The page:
FDIC Goes Underground To Shore Up Insurance Fund
The Federal Deposit Insurance Corporation (FDIC) has launched a new national program to retain mineral rights on lands it has taken back as a result of foreclosures and bank failures.
In areas such as Northern Colorado, where oil and gas development is booming, the new policy could mean millions of dollars for the agency's beleaguered bank insurance fund, and lower insurance premiums for banks.
But the program, which took effect April 1, could also complicate land deals, reduce some property values and mean lower tax revenues for local governments.
"Weld County believes that it could mean they will collect fewer taxes,” says Northern Colorado Business Report editor Jerd Smith. “Because the FDIC, like other non-profits, pays a lower tax rate than private entities do, the agency won’t have to pay as much on parcels it owns as a private company would."
Weld County is one of Colorado’s most active areas for oil and gas production, and could soon produce 80 percent of the state’s oil output.
Why is the FDIC, which is primarily a regulator of banks, moving into the oil and gas business?
"Like everyone else, the FDIC is looking for ways to recover more quickly from the Great Recession and the huge losses it sustained when banks failed. As banks failed, the FDIC had to cover the cost to depositors – it had to insure the funds they had in those banks. As a result, it went deeply into the red, something like $20 billion into the red, and it’s been trying to claw its way back ever since.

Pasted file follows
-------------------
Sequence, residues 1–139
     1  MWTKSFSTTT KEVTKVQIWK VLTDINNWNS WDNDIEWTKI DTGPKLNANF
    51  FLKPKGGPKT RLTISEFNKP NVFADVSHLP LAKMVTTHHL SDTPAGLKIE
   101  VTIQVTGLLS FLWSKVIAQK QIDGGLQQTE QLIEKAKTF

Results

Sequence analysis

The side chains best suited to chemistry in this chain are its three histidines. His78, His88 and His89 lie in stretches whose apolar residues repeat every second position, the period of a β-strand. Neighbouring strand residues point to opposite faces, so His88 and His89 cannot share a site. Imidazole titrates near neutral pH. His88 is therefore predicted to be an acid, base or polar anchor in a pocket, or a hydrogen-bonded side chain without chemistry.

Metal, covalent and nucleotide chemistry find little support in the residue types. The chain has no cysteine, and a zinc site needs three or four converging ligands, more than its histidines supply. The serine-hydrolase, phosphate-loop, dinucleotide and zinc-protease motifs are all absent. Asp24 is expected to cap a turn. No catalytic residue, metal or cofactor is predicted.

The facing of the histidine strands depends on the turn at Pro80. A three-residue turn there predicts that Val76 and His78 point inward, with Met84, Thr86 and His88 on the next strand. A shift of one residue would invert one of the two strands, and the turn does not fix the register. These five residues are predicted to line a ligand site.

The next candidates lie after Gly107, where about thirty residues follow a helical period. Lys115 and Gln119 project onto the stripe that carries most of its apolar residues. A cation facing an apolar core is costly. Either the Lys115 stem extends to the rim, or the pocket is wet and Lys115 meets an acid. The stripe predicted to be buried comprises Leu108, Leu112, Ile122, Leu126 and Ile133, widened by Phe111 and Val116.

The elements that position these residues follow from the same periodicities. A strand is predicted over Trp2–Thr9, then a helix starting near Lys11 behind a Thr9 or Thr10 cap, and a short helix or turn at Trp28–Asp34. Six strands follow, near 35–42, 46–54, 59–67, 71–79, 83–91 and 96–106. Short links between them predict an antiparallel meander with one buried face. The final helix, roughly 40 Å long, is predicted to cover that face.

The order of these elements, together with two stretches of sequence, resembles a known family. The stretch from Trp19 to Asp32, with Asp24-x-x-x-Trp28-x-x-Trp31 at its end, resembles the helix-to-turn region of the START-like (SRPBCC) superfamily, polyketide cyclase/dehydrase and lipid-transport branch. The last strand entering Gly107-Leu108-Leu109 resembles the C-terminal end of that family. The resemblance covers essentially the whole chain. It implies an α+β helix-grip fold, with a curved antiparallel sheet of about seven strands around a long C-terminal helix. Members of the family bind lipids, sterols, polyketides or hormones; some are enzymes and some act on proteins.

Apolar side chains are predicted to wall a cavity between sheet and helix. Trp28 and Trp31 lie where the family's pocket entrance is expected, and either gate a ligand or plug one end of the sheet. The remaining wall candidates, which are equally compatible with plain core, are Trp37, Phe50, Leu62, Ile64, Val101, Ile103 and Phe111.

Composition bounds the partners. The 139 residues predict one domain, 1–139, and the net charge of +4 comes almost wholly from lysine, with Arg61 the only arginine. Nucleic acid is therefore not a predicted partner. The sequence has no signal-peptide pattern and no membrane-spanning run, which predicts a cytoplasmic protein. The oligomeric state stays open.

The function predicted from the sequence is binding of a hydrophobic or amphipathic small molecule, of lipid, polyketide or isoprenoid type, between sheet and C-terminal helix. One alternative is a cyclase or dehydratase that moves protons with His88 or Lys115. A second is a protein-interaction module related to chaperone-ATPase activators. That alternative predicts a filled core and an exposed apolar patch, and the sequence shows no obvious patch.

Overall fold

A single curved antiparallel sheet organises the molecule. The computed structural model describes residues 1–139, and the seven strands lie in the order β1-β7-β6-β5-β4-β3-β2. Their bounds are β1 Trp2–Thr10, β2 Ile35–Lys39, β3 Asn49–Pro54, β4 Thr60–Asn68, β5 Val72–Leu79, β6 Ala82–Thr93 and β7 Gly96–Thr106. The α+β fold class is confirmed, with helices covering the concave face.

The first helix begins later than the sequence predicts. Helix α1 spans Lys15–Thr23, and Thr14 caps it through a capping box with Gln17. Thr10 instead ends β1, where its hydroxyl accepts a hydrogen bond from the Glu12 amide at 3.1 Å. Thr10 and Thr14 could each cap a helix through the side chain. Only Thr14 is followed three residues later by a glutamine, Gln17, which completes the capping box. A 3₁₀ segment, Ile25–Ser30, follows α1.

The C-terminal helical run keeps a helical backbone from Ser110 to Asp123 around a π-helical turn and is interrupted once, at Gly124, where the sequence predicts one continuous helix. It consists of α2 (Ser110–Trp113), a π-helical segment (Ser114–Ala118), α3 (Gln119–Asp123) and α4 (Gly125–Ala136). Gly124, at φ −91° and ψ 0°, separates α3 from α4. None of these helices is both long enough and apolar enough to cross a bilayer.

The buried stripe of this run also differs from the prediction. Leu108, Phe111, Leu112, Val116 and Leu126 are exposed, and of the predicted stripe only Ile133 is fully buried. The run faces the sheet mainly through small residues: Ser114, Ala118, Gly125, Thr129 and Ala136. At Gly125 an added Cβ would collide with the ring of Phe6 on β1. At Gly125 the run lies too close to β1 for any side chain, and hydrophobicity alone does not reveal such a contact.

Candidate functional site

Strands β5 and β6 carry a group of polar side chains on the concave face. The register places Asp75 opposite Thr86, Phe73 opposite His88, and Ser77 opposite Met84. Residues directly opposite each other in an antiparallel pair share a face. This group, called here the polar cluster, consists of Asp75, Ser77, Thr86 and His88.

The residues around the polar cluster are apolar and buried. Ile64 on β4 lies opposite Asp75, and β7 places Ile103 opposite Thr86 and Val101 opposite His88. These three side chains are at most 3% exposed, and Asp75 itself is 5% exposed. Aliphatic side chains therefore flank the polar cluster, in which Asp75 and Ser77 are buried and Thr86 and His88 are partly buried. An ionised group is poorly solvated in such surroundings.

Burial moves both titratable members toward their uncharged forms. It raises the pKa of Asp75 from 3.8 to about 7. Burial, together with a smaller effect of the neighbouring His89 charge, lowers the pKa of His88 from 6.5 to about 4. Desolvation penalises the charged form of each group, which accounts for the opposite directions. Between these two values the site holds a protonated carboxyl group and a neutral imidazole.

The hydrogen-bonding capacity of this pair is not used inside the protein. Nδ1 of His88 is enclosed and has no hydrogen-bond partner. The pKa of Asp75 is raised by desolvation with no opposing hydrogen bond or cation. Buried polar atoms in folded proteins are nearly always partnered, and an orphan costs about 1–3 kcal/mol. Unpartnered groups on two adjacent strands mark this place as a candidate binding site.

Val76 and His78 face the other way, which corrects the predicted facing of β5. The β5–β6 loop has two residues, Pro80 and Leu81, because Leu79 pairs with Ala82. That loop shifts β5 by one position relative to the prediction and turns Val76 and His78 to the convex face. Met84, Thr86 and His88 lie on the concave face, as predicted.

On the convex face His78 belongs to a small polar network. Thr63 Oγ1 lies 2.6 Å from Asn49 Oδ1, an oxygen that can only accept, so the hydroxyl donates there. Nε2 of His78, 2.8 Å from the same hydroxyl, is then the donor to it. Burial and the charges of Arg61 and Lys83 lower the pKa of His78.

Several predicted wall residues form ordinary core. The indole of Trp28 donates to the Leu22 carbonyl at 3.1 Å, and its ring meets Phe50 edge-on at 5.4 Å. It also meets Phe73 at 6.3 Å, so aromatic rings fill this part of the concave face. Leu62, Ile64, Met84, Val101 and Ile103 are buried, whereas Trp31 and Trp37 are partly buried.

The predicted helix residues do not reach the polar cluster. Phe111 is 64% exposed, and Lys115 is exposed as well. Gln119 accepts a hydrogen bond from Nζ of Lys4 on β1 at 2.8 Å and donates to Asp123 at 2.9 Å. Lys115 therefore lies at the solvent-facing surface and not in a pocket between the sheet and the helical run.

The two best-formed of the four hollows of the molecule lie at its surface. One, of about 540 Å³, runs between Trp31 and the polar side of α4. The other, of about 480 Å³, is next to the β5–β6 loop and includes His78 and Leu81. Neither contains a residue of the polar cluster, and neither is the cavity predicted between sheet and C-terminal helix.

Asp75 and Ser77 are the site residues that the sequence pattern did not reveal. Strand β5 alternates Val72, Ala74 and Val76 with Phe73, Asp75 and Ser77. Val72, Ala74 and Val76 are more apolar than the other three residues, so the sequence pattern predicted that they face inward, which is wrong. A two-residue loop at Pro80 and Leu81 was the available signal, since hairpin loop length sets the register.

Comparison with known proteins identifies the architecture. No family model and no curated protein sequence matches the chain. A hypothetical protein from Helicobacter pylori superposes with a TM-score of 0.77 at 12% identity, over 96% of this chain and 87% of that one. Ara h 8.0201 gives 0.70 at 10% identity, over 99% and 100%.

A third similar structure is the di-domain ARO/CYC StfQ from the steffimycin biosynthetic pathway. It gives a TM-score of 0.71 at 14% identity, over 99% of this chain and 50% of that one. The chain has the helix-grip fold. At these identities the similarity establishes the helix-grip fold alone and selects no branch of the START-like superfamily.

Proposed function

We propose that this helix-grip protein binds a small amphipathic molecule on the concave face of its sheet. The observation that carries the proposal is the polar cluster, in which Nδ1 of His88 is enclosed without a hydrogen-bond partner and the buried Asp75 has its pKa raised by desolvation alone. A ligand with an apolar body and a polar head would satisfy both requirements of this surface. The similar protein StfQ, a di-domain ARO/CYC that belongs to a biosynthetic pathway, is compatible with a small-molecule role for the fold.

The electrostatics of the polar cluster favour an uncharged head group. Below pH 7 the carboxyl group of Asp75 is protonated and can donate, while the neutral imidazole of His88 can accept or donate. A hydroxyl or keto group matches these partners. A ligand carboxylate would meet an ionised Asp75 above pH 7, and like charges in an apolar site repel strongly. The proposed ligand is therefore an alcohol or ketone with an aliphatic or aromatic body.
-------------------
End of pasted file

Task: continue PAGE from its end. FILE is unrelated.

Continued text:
It is now out of the red and back into the black, but under the Dodd-Frank Act that’s seeking to make our financial system more stable, the FDIC is going to be required to maintain a larger fund, and it’s nowhere close to getting there. If it retains the mineral rights on lands that it has repossessed, that could prove to be a significant source of revenue for the agency."
What impact will this new policy have on oil and gas development?
"It certainly shouldn’t slow oil and gas development, by any means. However, according to people that we spoke with, valuing mineral rights is a tricky business. And the FDIC is either going to have to acquire the expertise, or hire people to value these rights for them. In addition, people who are heavily into land deals believe that it could very easily complicate [them]. Because [of the issue of] who owns the mineral rights... and if you own mineral rights underneath the land, who has access to extract them?"
Many experts say the recovery is already underway. Why is the FDIC doing this now?
"Clearly from documents the FDIC has, they are way behind on funding their recovery. And we believe this is one of the ways they intend to do it.
By the way, the FDIC was reluctant to talk live about this story. They issued a statement simply saying they were trying to 'maximize the return on their assets.' But we were able to obtain the policy paper that they’ve distributed to lenders and title companies, explaining how they’re going to proceed."